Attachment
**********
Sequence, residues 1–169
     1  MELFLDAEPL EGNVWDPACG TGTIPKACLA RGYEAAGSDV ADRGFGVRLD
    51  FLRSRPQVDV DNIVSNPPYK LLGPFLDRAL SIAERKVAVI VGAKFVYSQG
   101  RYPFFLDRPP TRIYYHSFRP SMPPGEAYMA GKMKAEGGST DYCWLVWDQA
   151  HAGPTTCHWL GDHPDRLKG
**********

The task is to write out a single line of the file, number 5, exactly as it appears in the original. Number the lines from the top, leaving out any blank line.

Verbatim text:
   151  HAGPTTCHWL GDHPDRLKG